Author’s Note

431 venus broochThis work is not intended to be a biography of any­one, nor does it offer itself as a piece of research or criticism. In the sense that it is a collection of stories, it is a fiction and inasmuch as the stories are united in a narrative, it is a novel. In the sense that it is a set of ar­ranged ideas, it is an extended es­say. I have not taken the route of the re­searcher but have worked with what­ever came to hand – documents and things already in my possession or on the internet, people whom I have met fortuitously and conversations with friends. The people presented herein all lived or live, but I am only partially sure that they in fact did or said the things which I re­port. I have tried to be accurate and truthful, but my memory is unreliable and most of the texts from which I have worked are themselves the productions of other memories. The opinions I express are my own. If any portion of it offends anyone, I ask for for­giveness and indulgence, as it is not my intention to tarnish any reputation or cause dissent or disagreement.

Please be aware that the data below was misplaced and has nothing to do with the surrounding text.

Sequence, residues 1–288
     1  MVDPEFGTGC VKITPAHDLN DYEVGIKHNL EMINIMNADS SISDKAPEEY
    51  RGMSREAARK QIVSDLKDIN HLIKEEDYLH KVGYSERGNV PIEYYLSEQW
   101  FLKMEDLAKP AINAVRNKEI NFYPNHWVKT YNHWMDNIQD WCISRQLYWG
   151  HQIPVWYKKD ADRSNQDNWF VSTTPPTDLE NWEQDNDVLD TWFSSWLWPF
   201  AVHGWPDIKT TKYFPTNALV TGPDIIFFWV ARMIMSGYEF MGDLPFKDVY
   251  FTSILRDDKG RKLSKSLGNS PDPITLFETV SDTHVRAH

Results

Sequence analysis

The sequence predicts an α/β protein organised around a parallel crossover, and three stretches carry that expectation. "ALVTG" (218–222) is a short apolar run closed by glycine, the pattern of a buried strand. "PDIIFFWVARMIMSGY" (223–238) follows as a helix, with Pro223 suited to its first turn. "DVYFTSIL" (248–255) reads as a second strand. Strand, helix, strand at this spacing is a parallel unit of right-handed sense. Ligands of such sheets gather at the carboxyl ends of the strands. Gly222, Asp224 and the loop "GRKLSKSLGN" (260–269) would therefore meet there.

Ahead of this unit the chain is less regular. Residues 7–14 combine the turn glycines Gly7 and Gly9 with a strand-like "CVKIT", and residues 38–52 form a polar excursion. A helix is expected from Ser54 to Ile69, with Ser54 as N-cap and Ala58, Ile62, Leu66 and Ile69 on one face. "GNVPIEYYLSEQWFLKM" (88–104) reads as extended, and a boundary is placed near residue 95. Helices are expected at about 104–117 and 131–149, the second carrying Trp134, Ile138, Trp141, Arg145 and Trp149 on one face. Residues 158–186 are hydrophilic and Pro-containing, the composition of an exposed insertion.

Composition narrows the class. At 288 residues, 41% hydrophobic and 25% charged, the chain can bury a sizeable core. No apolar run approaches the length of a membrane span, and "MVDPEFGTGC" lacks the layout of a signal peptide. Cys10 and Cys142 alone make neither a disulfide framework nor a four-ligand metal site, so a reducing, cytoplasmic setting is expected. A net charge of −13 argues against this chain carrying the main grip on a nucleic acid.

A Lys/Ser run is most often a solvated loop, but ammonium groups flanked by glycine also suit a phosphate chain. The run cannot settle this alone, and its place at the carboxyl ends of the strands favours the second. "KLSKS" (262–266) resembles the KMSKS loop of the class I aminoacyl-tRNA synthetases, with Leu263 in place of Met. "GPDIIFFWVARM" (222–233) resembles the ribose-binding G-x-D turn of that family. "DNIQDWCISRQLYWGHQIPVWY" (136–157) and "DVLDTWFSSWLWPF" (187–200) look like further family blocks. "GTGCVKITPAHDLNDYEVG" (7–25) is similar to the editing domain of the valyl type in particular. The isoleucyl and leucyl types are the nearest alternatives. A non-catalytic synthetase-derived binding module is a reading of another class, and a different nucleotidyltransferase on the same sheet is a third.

In early February of 2004 I received an unsolicited email, as I often did then, advertising the discrete provi­sion of means to enlarge or engorge the virile member or otherwise enhance sexual experience.  My internet ser­vice provider is at pains to prevent this kind of poten­tially embarrassing mail from arriving, and to this end they use software which attempts to distinguish between legitimate email and spam, as such advertisements are called. The creators and dispatchers of the spam, on the other hand, are keen to circumvent such detection, so a fast-evolving feedback system has devel­oped. At first, keywords such as ‘Viagra’ or ‘enlargement’ were suffi­cient to distinguish spam, but we soon had V*agr* and pneis enralegnemt slipping by the vigilant electronic gatekeepers. After a while, the spams stopped coming, and I concluded that upgrades and so on had be­come smart enough to make the distinction that I make with the flick of an eye at my email inbox. The next wave of spam, which lasted a few months, and of which the Feb­ruary spam is an example, fooled the software again. It had made a logical leap. Along with discrete exhortations to buy the dodgy products they offer, they slipped through the gate by including blocks of English words seemingly selected at random. While the accompanying advertisements are only by turns irritating, amusing or pathetic, the blocks of words had, for me, a compelling fascination. They are literate words, unusual words jum­bled together with familiar ones and no matter how I stare at these blocks of pseudo-prose which have some­how arisen from the Babel of commercial deceit I cannot imag­ine the procedures that produced them. They appear nei­ther to be entirely random, nor to be butchered and re­made from existing prose. I decided to use one par­ticular such ‘text’ as the framework for this writing be­cause, as I had found no rational thread which would lead me into the maze of memory, it seemed to me that by its random qual­ity I might be impelled into the realm of the unexpected – precisely the place where I wanted to be. This has turned out to be the case and that email adver­tisement reaching out to the sexual yearnings of early twenty-first century computer users has found an unin­tended use. Here is the ‘text’ which it included: